the arguments against legislation are strong. I am sure we could
all put together a Bill which set up a tribunal to oversee the
system, which laid down a process and which had penalties and
criminal sanctions or civil sanctions, I do not know, for people
failing to observe the process. I think that would be very heavy
handed and I would want to try and keep out of that if I possibly
could. What I am saying is that there clearly are cases at the
moment which if I was a Cabinet Secretary would be causing me
dismay, but I would still want to reassert the voluntary system
and find ways of strengthening it rather than going into legislation,
that is all I am saying.
Q57 David Heyes: I want to stay on
this Crown Copyright idea. Would it be feasible as a variant on
that to introduce a contractual condition for serving senior civil
servants whereby any future publication of memoirs would be done
on a profit-sharing basis? This might be a source of finance for
the official histories that you were promoting to us. I think
it is less than £200,000 a year goes into all of the official
histories that are published from time to time, less than the
serialisation figure from a newspaper. It is a thought. I just
wondered what your views were on it.
Lord Wilson of Dinton: My understanding
is that Gus O'Donnell is reviewing this area. I think he said
that to you in his evidence. I would have thought that is the
sort of thing you might want to suggest to him he might want to
look at. I am sure he will read this evidence and ask for advice
on it. I do not think I am not going to venture an opinion on
Professor Hennessy: Can I add
support to the official histories point because I am not one of
nature's official historians but I am very pleased when people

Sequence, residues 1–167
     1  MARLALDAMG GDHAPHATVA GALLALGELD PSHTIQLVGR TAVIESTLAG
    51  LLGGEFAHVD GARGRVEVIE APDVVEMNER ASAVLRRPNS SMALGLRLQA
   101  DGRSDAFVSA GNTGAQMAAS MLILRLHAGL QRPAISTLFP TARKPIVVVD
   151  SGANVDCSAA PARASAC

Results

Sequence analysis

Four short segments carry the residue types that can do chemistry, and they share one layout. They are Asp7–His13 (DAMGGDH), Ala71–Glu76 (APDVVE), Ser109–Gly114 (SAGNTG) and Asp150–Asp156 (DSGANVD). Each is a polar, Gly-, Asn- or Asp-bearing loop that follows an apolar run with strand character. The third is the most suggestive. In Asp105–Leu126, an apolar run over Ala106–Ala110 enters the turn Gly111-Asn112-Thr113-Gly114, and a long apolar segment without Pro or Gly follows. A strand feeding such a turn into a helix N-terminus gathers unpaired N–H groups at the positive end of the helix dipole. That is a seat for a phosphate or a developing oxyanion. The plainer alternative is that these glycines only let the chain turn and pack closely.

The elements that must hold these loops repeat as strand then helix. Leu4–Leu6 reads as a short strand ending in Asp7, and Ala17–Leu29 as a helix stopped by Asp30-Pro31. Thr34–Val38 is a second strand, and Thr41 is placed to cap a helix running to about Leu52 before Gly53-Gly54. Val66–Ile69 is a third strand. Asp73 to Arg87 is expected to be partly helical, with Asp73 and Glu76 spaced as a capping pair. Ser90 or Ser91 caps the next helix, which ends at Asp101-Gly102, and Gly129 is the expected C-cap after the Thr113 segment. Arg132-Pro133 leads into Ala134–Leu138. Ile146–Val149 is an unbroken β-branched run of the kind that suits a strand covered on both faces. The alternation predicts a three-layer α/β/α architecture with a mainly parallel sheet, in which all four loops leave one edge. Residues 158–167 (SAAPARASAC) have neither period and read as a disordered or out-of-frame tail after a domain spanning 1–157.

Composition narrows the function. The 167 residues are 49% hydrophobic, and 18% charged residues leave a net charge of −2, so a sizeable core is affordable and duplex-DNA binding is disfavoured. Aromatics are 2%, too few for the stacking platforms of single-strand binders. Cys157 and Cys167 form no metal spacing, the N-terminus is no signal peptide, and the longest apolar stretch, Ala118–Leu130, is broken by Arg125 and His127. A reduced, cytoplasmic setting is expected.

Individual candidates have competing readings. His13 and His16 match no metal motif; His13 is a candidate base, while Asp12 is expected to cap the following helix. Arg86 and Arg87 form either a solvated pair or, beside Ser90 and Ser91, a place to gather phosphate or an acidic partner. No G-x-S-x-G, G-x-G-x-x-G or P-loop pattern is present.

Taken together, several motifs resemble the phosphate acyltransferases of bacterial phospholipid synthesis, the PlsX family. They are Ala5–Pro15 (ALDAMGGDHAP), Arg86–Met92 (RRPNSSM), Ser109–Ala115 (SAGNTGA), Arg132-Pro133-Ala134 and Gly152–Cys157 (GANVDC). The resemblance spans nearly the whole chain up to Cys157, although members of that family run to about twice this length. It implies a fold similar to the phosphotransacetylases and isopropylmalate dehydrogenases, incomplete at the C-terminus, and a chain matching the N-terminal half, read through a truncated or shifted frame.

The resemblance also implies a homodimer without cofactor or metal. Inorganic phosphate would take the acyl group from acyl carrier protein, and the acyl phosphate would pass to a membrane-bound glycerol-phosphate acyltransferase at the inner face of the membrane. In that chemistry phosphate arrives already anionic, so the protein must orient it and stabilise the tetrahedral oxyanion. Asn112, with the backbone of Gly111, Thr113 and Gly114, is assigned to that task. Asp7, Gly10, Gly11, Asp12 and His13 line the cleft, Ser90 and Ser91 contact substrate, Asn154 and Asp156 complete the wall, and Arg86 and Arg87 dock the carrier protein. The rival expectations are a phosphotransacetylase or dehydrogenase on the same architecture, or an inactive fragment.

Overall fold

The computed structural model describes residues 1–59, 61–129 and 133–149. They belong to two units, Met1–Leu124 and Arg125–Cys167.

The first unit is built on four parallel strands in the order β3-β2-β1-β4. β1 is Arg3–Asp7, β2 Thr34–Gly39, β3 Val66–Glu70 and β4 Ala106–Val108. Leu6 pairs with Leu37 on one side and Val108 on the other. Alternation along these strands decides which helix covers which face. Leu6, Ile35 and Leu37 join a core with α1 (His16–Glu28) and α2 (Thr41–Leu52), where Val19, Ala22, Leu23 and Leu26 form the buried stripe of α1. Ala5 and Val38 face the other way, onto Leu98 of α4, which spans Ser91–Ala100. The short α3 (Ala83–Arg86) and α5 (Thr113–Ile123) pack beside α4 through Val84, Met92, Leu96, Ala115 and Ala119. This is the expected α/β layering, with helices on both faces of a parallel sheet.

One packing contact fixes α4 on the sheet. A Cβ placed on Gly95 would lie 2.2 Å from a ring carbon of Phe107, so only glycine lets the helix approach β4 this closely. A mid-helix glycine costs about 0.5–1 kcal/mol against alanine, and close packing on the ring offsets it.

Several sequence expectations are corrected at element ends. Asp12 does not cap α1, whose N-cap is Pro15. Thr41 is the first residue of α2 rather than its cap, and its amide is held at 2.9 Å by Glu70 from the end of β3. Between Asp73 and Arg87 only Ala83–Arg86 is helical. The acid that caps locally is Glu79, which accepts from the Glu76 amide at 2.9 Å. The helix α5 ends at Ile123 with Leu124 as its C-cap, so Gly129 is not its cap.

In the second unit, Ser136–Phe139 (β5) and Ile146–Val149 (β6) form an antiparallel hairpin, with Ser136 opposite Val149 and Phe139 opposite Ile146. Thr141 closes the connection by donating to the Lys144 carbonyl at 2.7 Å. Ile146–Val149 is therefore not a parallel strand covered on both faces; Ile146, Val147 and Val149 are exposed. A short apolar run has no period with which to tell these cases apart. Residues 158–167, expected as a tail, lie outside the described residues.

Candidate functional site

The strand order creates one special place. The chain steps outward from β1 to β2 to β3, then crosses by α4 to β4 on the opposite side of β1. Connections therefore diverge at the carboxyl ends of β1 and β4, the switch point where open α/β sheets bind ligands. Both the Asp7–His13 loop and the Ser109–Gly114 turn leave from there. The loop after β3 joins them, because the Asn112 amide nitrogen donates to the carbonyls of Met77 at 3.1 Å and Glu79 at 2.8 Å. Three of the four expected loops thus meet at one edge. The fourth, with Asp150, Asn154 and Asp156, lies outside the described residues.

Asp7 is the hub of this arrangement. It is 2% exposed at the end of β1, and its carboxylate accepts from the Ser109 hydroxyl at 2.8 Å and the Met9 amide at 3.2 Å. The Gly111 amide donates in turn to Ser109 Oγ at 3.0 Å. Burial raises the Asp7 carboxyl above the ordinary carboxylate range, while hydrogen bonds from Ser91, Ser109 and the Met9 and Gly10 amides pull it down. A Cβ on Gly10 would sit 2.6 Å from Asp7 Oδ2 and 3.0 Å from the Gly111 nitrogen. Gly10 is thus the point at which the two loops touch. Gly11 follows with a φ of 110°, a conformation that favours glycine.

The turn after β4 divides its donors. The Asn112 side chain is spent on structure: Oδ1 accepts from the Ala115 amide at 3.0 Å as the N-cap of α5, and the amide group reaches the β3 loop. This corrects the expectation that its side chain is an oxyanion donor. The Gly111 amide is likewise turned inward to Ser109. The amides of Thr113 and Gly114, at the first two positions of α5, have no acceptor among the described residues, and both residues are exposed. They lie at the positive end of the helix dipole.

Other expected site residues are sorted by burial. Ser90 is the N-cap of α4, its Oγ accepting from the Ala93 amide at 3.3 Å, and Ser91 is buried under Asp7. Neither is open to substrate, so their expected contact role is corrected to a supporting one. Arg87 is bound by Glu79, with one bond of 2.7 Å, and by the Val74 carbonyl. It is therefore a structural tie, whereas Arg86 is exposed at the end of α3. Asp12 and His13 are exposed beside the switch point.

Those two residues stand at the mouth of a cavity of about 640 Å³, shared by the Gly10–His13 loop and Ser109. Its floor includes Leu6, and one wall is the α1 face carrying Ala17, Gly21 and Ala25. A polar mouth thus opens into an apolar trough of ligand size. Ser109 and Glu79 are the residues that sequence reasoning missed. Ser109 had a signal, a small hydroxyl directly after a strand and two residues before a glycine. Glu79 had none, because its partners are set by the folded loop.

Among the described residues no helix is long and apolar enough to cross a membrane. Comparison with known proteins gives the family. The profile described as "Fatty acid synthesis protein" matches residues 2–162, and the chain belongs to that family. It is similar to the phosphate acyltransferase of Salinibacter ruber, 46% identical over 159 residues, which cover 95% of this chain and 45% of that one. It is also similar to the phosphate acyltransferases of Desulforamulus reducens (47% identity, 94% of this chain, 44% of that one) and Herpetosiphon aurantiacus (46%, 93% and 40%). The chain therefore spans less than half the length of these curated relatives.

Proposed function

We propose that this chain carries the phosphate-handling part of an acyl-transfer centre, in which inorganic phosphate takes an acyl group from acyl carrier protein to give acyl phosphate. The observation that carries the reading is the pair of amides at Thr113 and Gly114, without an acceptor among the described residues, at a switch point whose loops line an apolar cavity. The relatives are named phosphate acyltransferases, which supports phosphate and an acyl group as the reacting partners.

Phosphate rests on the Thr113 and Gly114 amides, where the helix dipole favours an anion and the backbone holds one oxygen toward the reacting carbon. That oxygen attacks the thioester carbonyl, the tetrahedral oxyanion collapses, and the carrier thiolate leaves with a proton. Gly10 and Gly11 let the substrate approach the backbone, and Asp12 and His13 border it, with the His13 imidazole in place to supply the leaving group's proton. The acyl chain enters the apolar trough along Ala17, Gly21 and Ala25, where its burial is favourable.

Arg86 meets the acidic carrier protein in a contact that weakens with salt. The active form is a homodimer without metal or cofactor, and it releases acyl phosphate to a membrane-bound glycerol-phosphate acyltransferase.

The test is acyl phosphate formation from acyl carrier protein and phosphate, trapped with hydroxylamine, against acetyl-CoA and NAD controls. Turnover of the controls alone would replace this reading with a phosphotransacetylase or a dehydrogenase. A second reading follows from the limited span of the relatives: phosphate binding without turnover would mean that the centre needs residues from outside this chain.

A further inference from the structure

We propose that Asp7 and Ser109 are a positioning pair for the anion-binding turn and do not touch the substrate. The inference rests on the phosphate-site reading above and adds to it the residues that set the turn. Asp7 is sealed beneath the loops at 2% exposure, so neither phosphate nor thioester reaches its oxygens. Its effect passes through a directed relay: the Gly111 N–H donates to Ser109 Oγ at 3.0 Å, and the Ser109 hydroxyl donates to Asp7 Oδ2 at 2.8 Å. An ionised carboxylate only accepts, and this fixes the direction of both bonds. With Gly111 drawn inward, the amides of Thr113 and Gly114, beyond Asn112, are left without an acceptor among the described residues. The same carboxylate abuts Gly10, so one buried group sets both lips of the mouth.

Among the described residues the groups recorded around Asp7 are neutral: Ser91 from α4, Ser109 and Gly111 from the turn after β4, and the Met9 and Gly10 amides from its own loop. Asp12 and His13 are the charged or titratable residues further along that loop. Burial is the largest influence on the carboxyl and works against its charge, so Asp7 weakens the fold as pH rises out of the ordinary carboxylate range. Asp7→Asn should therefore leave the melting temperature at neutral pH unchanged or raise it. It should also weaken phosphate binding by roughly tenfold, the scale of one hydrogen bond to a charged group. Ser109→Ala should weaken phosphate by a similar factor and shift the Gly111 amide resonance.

like Lawrie Freedman do it. It is a half-way house between all
the anxieties. Lawrie saw everything for the Falklands War, including
the intelligence and there was very highly sensitive diplomatic
stuff to do with Chile and aid and all the rest of it to the British
campaign. Although I am not one who would ever sign up to do it,
the product of those official histories is crucial to the rest
of us in the historical business. It is intrinsically desirable,
and the amount of money is secondary. One of the great moments
in the war for a nerd like me was when Sir Edward Bridges, Richard's
predecessor but six, commissioned Sir Keith Hancock in 1942 to
get the civil histories of the war ready and Hancock, an Australian
professor, said, "This perhaps isn't the right moment given
what we are facing in the world.". And Bridges said, "It
is very important always to have a fund of experience because
you might have to go through a version of this again", and
in a way it was an act of faith. There was no money in 1942, every
piece of manpower was devoted to winning the war and yet the Bridges'
generation had no doubt this was an integral part of the state,
it was the collective memory and it was an aid to not going wrong
in the future, taking the lessons where they were applicable.
It worries me a great deal that this should even be a question.
We are a vastly richer nation now than we were in 1942, we are
not facing that kind of emergency and yet there is this kind of